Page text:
1. GO BY YOURSELF 

This to me is so important. At first I really wanted someone to go with me — anyone, whether it be a friend or another student. The best thing I ever did was go by myself. This pushes you to meet so many people you would not normally meet and try so many new things. Imagine studying abroad with your best friend…you will quickly find yourself doing everything together and fail to do the most important thing of all…build new relationships with other people.

  1. Learn about the local culture

I personally am not the type of person to look up local museums and tour them all day. I am more of a tropical girl…I’d rather ride on a boat or do some fun sports. BUT I must say learning everything about Spain, especially Barcelona, was actually really cool. Even learning the politics there was so interesting to me, and I hate politics. My favorite part was just sitting down with my host mom after dinner and just talking. She taught me so much about the history, politics, religion…everything you need to know. (It was all in Spanish so my understanding is probably at an 80%, but I understood the general idea). It was fun to compare the cultures and just get a better understanding of a place SO different from where you have grown up your entire life.

  1. TRY NEW THINGS

I am the type of person to go to all different restaurants and order the same exact thing…whether it be steak of chicken parmesan. Being in another country really taught me to always try new things. Every single day I was trying new foods, drinks and desserts. I was so surprised to realize I basically LOVED EVERYTHING. Every dish was cooked with such fresh ingredients and was delicious….a much bigger difference than everything processed in the USA. You can pay 1-2 euros…which is basically $2 and get a small tapas dish of delicious healthy food. My body sure did enjoy these two months of happy eating (I am surely not complaining).

  1. Always be friendly

You never know whom you are going to meet, whom you are going to click with, and who are going to become your close friends. Being abroad really showed me to not be judgmental or picky with people you want to hangout with. Being open and friendly from the beginning really made me truly enjoy everyone’s company, no matter who they were.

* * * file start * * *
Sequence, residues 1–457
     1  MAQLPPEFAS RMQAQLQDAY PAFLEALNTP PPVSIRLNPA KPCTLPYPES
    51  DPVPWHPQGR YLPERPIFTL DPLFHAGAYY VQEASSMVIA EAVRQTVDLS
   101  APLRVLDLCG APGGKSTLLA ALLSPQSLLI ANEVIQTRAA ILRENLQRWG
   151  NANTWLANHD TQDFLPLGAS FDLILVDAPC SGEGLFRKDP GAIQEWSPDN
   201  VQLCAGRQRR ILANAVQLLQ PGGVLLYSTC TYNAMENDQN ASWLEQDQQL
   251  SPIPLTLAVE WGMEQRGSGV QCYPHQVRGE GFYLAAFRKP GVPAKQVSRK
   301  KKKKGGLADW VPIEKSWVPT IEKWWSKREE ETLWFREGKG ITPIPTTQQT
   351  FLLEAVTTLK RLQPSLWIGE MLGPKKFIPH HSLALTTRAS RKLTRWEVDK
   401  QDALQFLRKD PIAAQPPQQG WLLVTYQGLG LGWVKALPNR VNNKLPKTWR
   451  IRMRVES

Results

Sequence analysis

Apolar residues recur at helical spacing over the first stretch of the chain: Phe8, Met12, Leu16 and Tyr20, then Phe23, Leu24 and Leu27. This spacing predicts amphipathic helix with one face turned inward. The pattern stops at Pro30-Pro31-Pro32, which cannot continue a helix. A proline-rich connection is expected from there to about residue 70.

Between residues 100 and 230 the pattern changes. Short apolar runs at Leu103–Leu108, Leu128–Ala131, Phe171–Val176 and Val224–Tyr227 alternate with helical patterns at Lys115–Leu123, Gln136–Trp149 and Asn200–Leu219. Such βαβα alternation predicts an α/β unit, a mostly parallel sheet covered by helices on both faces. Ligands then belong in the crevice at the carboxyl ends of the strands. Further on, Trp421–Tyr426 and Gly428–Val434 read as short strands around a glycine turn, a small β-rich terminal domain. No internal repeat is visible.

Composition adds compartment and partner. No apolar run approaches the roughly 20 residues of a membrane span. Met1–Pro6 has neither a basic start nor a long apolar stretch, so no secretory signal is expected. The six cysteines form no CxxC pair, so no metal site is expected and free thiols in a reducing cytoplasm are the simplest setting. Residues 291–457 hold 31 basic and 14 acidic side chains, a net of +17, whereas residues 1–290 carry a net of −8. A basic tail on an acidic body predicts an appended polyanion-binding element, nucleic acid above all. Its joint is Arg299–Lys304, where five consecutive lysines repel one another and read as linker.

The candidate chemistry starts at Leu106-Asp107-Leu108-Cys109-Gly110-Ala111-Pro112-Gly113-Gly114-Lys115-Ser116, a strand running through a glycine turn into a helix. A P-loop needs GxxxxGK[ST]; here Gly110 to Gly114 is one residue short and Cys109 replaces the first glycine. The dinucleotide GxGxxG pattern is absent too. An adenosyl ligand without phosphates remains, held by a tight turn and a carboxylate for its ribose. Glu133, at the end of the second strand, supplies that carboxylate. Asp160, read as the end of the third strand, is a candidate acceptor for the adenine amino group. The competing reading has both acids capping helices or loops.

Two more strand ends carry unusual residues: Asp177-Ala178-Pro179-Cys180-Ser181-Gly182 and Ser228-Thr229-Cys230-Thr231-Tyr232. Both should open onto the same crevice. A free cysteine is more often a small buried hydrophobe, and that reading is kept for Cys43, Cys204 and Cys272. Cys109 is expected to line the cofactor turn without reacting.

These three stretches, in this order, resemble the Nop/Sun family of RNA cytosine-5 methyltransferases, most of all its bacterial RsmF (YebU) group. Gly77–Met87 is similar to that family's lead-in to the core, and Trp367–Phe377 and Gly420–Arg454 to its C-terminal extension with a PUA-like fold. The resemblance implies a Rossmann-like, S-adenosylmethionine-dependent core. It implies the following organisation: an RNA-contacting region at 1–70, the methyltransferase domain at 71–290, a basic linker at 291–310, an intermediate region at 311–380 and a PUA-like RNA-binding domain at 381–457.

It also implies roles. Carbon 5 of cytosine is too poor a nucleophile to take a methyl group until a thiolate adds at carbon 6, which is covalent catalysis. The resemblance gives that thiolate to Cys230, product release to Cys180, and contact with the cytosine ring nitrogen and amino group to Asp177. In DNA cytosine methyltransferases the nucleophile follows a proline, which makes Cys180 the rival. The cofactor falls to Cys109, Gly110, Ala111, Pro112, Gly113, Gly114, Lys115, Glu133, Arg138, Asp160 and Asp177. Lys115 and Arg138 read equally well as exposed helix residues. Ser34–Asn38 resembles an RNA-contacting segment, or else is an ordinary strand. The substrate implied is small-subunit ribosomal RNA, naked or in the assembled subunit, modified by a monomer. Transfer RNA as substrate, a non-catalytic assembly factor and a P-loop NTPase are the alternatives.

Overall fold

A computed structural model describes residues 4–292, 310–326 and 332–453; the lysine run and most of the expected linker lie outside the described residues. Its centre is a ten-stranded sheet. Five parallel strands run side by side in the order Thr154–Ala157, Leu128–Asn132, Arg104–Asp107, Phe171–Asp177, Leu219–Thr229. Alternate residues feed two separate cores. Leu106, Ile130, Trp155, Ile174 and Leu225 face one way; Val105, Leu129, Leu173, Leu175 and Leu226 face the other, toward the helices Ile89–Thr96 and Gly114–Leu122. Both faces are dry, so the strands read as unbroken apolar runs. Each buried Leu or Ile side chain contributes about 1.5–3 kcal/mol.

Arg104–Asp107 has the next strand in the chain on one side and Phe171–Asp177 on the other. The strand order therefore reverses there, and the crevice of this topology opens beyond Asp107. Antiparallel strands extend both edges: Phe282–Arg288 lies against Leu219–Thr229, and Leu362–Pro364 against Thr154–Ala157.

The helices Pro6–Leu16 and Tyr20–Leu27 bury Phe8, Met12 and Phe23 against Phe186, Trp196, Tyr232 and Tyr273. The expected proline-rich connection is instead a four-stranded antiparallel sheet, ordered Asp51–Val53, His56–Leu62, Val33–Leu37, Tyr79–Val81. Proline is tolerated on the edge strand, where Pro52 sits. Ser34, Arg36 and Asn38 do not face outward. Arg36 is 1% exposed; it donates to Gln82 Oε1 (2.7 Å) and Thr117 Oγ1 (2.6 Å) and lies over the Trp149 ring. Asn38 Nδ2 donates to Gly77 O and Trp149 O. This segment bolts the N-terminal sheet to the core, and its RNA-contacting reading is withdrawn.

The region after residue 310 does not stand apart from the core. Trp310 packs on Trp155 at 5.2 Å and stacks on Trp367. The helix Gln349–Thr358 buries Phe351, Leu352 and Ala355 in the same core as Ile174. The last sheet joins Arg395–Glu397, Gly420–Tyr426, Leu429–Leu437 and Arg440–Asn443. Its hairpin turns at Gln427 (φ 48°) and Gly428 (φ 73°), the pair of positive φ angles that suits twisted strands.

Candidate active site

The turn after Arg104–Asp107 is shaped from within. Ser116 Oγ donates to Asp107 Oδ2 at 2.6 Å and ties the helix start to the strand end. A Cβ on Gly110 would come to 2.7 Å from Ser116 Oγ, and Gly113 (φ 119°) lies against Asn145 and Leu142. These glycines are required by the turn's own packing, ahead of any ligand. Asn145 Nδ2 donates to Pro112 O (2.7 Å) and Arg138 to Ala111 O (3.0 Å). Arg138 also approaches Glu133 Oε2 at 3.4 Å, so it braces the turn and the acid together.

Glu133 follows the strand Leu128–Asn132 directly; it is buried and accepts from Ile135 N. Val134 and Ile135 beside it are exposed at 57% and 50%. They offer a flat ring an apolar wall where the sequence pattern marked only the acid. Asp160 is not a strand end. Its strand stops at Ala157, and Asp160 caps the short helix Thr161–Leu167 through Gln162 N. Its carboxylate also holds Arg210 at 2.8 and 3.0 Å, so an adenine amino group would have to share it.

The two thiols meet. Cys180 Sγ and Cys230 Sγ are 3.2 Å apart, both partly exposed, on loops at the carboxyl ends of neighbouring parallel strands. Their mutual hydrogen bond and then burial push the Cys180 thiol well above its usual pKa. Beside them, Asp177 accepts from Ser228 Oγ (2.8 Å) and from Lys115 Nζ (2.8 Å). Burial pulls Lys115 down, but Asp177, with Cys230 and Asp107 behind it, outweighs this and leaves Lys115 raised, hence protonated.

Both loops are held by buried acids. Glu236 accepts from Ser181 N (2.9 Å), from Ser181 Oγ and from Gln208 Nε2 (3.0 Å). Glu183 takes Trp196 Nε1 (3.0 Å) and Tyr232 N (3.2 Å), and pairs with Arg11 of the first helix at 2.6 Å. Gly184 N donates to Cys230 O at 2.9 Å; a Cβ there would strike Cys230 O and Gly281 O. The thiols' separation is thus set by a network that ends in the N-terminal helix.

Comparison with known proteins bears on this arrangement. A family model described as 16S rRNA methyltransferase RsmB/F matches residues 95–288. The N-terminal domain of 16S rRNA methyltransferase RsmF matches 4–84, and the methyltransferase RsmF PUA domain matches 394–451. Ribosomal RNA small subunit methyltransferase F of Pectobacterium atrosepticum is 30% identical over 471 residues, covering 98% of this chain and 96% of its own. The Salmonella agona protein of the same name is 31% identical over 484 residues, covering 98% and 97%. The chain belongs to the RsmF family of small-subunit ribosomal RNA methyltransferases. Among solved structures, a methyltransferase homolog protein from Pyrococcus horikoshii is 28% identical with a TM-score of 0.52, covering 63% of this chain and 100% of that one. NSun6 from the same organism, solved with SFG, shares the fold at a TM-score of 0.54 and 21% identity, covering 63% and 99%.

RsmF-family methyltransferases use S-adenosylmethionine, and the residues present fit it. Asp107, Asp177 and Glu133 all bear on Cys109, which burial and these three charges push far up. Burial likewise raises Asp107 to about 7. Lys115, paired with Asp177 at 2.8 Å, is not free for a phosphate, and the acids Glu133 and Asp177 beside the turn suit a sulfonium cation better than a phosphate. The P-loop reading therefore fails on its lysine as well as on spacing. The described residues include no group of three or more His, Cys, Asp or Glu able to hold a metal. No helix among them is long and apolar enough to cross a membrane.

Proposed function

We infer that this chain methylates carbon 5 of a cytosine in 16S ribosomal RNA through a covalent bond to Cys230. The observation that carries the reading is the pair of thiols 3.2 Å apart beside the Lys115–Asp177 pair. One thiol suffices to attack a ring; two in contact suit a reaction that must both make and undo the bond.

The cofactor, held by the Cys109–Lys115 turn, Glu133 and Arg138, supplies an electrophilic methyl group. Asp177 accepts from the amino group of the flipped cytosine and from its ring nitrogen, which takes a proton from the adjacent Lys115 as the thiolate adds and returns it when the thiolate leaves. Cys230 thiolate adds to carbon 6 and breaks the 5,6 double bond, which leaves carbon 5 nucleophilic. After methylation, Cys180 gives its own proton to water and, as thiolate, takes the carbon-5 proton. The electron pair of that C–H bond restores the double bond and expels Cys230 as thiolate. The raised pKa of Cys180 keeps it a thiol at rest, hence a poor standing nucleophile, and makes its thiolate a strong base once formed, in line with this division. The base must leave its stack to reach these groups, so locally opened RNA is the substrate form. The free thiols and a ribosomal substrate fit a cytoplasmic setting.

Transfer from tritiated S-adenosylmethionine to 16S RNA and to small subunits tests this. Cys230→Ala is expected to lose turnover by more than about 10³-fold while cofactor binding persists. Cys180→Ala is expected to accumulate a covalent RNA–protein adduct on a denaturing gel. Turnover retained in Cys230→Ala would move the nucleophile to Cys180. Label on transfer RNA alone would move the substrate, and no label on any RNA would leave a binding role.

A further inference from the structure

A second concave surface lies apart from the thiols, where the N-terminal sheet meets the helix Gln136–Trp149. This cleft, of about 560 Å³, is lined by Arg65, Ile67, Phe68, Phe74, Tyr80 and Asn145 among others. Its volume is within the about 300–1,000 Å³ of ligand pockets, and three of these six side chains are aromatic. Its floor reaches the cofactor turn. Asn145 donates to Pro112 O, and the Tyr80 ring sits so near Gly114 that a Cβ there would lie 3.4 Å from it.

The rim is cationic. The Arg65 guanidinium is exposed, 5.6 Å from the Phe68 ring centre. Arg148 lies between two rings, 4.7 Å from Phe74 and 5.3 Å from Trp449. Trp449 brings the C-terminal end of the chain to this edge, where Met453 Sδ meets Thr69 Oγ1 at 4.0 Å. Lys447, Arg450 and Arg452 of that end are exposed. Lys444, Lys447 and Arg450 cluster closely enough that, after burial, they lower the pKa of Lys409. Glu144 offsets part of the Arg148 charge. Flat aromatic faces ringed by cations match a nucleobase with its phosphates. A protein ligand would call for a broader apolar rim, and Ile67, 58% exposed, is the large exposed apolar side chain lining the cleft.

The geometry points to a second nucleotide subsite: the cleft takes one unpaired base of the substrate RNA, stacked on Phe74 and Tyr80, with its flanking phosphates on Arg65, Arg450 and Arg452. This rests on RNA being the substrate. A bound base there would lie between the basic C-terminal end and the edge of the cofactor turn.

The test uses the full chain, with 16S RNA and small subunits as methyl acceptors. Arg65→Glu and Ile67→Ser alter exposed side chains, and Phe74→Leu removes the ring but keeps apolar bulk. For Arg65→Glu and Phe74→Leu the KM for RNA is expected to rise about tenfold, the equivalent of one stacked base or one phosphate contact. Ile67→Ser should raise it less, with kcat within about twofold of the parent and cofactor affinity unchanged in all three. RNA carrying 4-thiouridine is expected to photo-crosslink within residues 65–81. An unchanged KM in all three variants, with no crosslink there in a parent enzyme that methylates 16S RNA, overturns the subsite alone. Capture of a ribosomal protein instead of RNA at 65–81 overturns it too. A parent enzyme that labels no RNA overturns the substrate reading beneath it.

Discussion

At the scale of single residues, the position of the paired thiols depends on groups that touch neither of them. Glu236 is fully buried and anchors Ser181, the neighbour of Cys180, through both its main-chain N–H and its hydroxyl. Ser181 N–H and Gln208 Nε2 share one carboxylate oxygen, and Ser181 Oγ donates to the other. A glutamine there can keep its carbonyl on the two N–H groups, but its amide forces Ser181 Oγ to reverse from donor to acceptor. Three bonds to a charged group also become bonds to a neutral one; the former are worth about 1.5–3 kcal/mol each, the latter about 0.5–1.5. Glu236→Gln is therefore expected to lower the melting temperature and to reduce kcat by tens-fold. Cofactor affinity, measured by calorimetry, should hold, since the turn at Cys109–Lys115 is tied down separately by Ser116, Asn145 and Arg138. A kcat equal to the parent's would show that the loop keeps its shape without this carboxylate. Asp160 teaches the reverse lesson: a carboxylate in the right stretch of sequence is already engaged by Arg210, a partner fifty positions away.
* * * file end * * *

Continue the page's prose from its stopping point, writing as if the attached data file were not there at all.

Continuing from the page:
1. KEEP A BLOG

My initial reasoning for having a blog was for two reasons: to post an excess amounts of pictures and not get judged for blowing up Instagram, and having one place where everyone can see what I am doing so I don’t have to tell everyone over and over again throughout my trip. But I have to say I am so happy I kept a blog. The feedback I received from everyone on my blog was honestly inspiring. I never realized how much I enjoyed writing and how funny of a writer I can be (okay, well I at least think I am funny, so that does count). I am also happy to share my blogs with others who may have questions or want advice when studying abroad. I can’t wait to look back a year from now and look at memories from being abroad.

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Well anyway, this was so much fun to do and I hope you guys enjoyed reading it as much as I enjoyed writing it!

I am going to keep the blog up and post more blog posts as I continue to travel.

The travel bug has definitely bit me, and I can wait to start planning my next trip overseas!

Not All Who Wander Are Lost

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May Hamid is a CISabroad alumna who interned in Barcelona, Spain. May studied at Virginia Commonwealth University. Join her journey through life as she learns to further appreciate the world and strives to reach her goals.


There is magic in the world. Mermaids exist, somewhere beyond where our eyes have seen. Everywhere flowers bloom as the sun rays touch their petals. The leaves drink droplets of rain when clouds grace us with gloom. Every sight of life is a song of visions, every sound of it an ocean. It’s almost effortless to marvel in.

Yet at times we forget to notice its beauty, and it is such a shame that we allow ourselves to close our eyes to all the perfect details that gather to form such an imperfect place. We consign to oblivion, and find ourselves missing all the things that are not in our vicinities. It’s true, the grass is greener on the other side, but truth be told that is not just the case, because as colossal as home is to define, most of the time it is defined depending on where the heart is, and so we miss where we love the most.

But the thing about the world is that in every place there is something most beautiful, and in every case a best scenario, in order to articulate that rationale we start by allowing ourselves to keep an open-mind about the world and see everything the world has to offer. Because the world is a gift, and it is our duty to live it as fully and as possibly as we can.may-hamid-1

I have never noticed how crucially necessary it is to understand the power that lies not only in the world but also inside of us; to know that it is in our hands to decide on whether or not we want to choose to write our own fates. See, we are told more than a hundred times through our short years that in life there are always those that do, and those that don’t do, and it’s a fact that we all like to think that we are the “doers” and that we are better than others.

Yet when the moment arrives, and you truly realize you are better than others — that you are doing something, going somewhere, writing your own fate — it feels as though it’s an epiphany or a dream that has come to you as you lay awake. It’s like you’re watching your own life happen right in front of your eyes, knowing all the events that are happening and what they will lead to, slowly but so quickly.

Being alone has allowed me to dive into my inner strength, and I cannot describe how fulfilling and powerful it feels to have a glimpse of this sort of power. But as powering as it feels, it is also terrifying, because the knowledge of it means that I understand and completely acknowledge the fact that I am also my own greatest enemy and that the most difficult challenge I face is continuously overcoming that fear.